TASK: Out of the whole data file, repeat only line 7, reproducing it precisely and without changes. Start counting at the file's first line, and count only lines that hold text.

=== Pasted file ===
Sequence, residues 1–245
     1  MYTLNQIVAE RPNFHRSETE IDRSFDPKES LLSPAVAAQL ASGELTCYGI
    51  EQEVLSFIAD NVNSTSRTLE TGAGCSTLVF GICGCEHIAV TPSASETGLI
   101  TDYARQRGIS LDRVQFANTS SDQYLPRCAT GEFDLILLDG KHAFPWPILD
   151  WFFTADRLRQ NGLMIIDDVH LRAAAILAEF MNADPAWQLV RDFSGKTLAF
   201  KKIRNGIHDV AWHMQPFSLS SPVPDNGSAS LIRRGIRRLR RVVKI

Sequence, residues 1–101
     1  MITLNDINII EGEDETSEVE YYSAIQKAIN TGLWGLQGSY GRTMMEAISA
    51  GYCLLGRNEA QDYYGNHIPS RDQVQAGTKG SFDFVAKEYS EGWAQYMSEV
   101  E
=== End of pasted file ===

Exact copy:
Sequence, residues 1–101